Mousavi declined to provide evidence to support his allegations. Instead, his wife, Zahra Rahnavard, used a jaw-dropping logic that laid bare the truth behind her husband’s allegations. Rahnavard is an ethnic Lur hailing from the Lur-populated province of Luristan and Mousavi is an ethnic Azeri Turk who has come from the Azeri Turkish-majority province of Azerbaijan.

In an interview with BBC Persian following the election, Rahnavard claimed that the Lurs and Turks were impossible to vote for Mousavi’s rival, Mahmoud Ahmadinejad. Because the Lurs would not let down “Luristan’s son-in-law” and the Azeri Turks would not let down “the son of Azerbaijan.” This kind of reasoning shocked many political analysts and prompted BBC Persian to delete the interview at a later time.

Rahnavrad’s logic of Luristan’s son-in-law seems to have resonated with some Americans who find it difficult to understand Trump’s logic in terms of refusing the result of the November election. Trump has shockingly asked why mail-in ballots came in favor of his rival Joe Biden while he spent months urging his supporters to vote in person and refrain from voting by mail.

“Last night I was leading, often solidly, in many key States, in almost all instances Democrat-run & controlled. Then, one by one, they started to magically disappear as surprise ballot dumps were counted. VERY STRANGE, and the “pollsters” got it completely & historically wrong!” Trump said in a tweet on November 4.

Apart from the voter fraud allegations surrounding the 2009 and 2020 elections in Iran and the U.S., the position of Twitter toward Iran and the U.S. was also strikingly different. Twitter has put on some of Trump’s tweets a warning label describing Trump claims as “unsubstantiated” or “disputed.” This is all while Twitter delayed a 90-minute maintenance operation to support unrest in Iran in the midst of the 2009 election mayhem.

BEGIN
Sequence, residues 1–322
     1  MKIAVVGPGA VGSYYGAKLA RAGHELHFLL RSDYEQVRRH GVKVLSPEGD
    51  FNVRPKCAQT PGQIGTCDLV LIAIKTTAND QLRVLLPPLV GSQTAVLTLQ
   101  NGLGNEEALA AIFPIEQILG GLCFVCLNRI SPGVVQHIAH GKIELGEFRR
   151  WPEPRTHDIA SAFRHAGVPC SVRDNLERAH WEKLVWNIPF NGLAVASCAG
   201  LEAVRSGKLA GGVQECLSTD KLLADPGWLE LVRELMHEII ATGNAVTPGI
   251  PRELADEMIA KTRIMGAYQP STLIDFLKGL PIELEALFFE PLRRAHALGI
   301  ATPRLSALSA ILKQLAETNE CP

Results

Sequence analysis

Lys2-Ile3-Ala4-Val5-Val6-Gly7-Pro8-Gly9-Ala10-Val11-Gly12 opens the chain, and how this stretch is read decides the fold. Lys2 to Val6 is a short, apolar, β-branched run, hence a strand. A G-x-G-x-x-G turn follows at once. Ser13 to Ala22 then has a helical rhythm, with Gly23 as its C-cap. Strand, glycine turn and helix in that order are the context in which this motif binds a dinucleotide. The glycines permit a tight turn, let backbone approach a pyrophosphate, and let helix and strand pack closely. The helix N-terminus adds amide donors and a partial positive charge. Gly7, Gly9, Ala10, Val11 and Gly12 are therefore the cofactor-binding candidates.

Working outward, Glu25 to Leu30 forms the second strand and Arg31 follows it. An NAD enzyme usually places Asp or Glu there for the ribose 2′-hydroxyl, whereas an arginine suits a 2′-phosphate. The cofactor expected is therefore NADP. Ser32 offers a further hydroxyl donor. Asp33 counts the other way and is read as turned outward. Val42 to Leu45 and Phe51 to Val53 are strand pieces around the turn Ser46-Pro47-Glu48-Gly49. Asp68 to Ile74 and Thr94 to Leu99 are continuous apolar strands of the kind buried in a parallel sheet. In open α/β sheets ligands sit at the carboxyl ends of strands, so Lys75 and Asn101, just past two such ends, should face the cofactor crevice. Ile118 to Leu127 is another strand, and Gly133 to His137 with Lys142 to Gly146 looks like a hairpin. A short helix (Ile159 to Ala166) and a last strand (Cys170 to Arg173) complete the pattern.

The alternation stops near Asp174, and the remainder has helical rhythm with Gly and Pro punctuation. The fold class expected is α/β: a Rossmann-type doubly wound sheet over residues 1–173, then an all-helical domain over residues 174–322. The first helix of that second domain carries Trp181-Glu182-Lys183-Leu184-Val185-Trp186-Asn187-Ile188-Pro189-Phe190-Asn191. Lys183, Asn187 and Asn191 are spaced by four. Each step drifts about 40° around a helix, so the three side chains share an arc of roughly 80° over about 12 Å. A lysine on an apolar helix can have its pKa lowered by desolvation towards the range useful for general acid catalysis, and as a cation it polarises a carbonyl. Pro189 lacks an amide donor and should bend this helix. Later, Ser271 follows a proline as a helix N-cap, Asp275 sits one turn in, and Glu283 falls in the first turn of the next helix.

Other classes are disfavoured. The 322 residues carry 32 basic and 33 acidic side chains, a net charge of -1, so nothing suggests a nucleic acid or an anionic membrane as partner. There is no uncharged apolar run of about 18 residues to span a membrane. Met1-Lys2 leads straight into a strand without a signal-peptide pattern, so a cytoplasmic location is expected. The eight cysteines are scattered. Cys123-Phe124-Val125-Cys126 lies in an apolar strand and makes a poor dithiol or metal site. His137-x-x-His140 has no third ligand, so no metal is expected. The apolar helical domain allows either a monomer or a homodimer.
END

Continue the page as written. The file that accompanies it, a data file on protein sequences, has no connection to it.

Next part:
Writing on the company’s blog on June 15, 2009, Biz Stone of Twitter said that the company will delay “a critical network upgrade” because of the “role Twitter is currently playing as an important communication tool in Iran.”

A day later, the Obama administration admitted that it asked Twitter to stay open to help unrest in Iran. According to The New York Times, a 27-year-old State Department official, Jared Cohen, e-mailed the social-networking site Twitter with an unusual request: delay scheduled maintenance of its global network, which would have cut off service while Iranians were using Twitter to swap information and inform the outside world about the mushrooming protests around Tehran. The request was made to Jack Dorsey, a Twitter co-founder.

In addition to Twitter, major American TV networks also cut short their broadcasts of President Trump’s speech from the White House briefing in which he claimed that Democrats were committing “fraud” and trying to “steal” the election. MSNBC, ABC, CBS, CNBC, and NBC cut away from the president’s speech.

While these networks sought to muzzle Trump and prevent him from making his case for voter fraud, Iranian news media outlets stood in a queue to give a tribune to Mousavi to present his evidence.  But when the Judiciary moved to restrict Mousavi after he called for chaos, these very networks accused Iran of restricting freedom of expression.

These similarities and differences clearly show how the Westerners deal with abstract concepts such as freedom and democracy in other places. They suppress any allegations over voter fraud at home but they work their butts off to support such allegations in other countries. They abuse democracy to advance their interests at the expense of the stability and interests of other countries.